Hogan’s Heroes actor Bob Crane found beaten to death in Valley
SCOTTSDALE, ARIZONA – Actor Bob Crane, glib, boyish star of the six-year television series “Hogan’s Heroes,” was found beaten to death in an apartment here Thursday.
His body, clad in shorts and undershirt, was found at 2:30 pm, curled beneath a sheet in the master bedroom of ground-floor apartment 132A at the Winfield Apartments, 7430 E. Chaparral.
A length of electrical cord had been tied around Crane’s neck but, according to an investigator for the County Medical Examiner’s Office, “it didn’t strangle him… it was put on after he was dead, but was put on tight.
“It just looks like somebody walked in on him while he was in bed and smacked him in the head a couple of times,” said investigator Eloy Ysasi, a former homicide detective with the Phoenix Police Department.
“He was covered up in a sheet, as though you would retire, with his knees drawn up in the position like people sleep.”
Late Thursday, Lt. Ron Dean said it appeared that one person committed the murder. “We have speculated that the killer either knew him or surprised him,” he said. There were no signs of a struggle in the two-bedroom apartment.
The heavy, blunt instrument used in the slaying has not been found. Crane’s skull had been crushed.
“Nothing was noted to be missing from the apartment as yet,” Dean said. “For this reason, we do not feel a burglary or a robbery occurred.”
There was no sign of forced entry, and police were checking to determine whether more keys to the apartment were available, or whether Crane slept with the door unlocked.
No one was seen leaving the apartment, but one neighbor told police loud voices were heard in Crane’s apartment sometime Thursday morning.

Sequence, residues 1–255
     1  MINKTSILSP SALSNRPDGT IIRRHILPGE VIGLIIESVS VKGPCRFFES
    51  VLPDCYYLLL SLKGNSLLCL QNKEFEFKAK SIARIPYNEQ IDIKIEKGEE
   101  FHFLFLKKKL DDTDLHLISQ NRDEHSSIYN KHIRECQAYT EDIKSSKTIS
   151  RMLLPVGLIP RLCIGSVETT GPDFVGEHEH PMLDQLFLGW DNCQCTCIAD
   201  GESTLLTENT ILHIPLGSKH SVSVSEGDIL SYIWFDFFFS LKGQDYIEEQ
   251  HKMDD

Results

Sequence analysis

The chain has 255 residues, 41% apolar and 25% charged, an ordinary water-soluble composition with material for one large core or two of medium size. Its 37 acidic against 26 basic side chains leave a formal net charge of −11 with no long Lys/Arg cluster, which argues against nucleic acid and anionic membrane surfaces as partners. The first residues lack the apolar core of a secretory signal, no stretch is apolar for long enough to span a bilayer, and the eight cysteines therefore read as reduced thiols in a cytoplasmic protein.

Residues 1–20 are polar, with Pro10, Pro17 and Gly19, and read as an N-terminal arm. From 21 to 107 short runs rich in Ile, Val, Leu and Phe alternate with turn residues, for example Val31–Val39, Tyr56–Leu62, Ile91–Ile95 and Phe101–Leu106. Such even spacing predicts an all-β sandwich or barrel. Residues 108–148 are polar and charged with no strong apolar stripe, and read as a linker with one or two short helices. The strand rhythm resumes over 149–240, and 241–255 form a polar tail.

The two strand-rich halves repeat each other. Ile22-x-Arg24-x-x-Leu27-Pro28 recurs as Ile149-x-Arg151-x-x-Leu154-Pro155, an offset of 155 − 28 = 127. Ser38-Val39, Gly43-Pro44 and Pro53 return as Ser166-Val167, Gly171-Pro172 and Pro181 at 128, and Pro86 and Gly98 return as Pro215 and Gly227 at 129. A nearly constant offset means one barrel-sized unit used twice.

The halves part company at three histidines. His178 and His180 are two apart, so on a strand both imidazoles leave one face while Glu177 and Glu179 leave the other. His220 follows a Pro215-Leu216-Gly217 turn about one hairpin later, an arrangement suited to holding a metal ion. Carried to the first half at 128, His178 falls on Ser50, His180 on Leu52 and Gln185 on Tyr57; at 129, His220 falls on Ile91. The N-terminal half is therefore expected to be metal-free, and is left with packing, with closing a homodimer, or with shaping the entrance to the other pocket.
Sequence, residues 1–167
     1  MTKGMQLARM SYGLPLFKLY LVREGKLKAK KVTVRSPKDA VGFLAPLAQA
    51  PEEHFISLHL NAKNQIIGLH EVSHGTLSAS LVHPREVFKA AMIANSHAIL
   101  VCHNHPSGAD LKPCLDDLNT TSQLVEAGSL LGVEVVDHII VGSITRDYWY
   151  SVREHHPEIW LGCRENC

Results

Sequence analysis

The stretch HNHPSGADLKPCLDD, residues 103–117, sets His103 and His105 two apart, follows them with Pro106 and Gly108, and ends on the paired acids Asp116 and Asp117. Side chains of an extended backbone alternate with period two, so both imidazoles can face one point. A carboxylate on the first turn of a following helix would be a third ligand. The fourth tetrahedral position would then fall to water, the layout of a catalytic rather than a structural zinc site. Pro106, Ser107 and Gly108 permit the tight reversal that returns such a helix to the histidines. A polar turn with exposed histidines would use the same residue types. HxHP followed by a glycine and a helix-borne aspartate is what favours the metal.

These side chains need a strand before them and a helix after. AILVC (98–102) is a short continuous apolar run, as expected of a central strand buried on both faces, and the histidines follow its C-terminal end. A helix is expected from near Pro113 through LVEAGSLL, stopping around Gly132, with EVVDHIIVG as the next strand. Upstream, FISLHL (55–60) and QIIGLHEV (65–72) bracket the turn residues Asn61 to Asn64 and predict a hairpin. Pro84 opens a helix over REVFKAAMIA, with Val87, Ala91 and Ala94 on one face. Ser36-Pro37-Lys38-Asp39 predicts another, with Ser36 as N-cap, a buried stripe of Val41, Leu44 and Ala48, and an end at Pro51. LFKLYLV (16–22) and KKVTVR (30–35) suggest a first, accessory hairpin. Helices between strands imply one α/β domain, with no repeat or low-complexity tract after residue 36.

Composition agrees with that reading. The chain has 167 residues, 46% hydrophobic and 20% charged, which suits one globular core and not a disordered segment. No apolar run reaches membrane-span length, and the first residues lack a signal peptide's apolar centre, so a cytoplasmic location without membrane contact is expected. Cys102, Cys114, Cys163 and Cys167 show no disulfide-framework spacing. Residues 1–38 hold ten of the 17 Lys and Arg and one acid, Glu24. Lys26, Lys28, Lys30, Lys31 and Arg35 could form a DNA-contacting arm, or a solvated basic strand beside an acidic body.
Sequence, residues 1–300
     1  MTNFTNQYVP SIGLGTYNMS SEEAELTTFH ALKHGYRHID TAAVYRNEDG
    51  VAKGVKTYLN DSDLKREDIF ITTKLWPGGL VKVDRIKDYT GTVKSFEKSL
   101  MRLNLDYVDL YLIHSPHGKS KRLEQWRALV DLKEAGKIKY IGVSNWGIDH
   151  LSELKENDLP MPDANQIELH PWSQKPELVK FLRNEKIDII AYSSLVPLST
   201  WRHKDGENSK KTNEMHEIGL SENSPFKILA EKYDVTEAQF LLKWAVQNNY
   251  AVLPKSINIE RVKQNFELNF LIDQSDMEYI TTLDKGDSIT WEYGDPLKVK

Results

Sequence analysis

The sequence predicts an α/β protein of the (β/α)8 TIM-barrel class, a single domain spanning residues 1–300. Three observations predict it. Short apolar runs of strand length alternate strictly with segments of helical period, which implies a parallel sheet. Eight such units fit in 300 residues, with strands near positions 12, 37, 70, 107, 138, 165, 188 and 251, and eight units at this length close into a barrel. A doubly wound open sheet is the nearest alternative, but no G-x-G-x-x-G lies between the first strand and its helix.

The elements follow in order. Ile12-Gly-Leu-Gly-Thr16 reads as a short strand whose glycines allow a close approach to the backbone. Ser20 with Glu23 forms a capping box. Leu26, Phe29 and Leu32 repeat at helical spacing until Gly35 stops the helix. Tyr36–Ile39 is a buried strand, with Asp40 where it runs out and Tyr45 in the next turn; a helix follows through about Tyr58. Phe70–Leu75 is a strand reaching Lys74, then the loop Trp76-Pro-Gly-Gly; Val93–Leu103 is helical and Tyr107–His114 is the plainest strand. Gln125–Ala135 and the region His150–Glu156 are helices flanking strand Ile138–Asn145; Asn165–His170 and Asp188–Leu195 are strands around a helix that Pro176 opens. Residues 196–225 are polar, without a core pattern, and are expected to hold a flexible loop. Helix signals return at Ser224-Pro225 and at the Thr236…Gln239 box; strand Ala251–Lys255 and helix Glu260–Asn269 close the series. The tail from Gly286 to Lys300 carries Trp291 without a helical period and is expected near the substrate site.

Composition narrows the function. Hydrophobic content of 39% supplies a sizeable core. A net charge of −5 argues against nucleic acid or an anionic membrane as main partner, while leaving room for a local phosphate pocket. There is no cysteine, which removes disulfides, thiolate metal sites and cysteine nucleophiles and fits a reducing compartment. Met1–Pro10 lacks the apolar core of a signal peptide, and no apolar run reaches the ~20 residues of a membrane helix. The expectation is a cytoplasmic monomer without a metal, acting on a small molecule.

Dean said no drugs or other contraband was found in the apartment. “I understand he was not very much of a drinking man, but he has been out to many nightclubs in the area,” Dean said, adding there was some indication that Crane had been to a nightclub Wednesday night.
Dean said no incidents had been reported near the apartment complex before the murder and Crane apparently had not been involved in any troubles around the Valley.
Crane, two weeks from his 50th birthday, had been in Scottsdale since June 6 to star in “Beginner’s Luck,” a light comedy playing at the Windmill Dinner Theater. He was killed in an apartment the theater leases for its headline performers.
No known motive for Bob Crane’s murder
Late last night, Scottsdale detectives were attempting to piece together the last hours of the performer’s life.
It was known that at some time before 1:45 am. Thursday, Crane was in the all-night coffee shop at the Safari Hotel, 4611 N. Scottsdale Road, not far from his apartment.
Lilly Reder, the night supervisor, told The Arizona Republic that she saw Crane drinking coffee with a woman and a second couple.
She said the group seemed “very congenial, and there was no indication of anything negative.”
Crane, she added, had been in the coffee shop with his female companion and the man several times before Thursday.
County Medical Examiner Dr. Heinz Karnitschnig said that Crane had been dead “several hours” before being found.
His body was found by actress Victoria Berry, who called at the apartment when Crane failed to show for a 12:30 pm cast party at the Windmill. Miss Berry starred with Crane in “Beginner’s Luck.” Her screams alerted a resident in the apartment complex who telephoned police.
Hours after the discovery, Scottsdale police were unable to announce a motive for the crime.
Crane’s personal possessions — his billfold, keys, jewelry and money — were intact. Crane’s car, a 1977 Chevrolet Monte Carlo, was parked in its regular spot near the apartment.
“In terrific spirits”
Friends and business companions of the dead actor, here and in California, said that despite estrangement for eight months from his second wife, Patty Olson of Los Angeles, Crane had been “in terrific spirits.”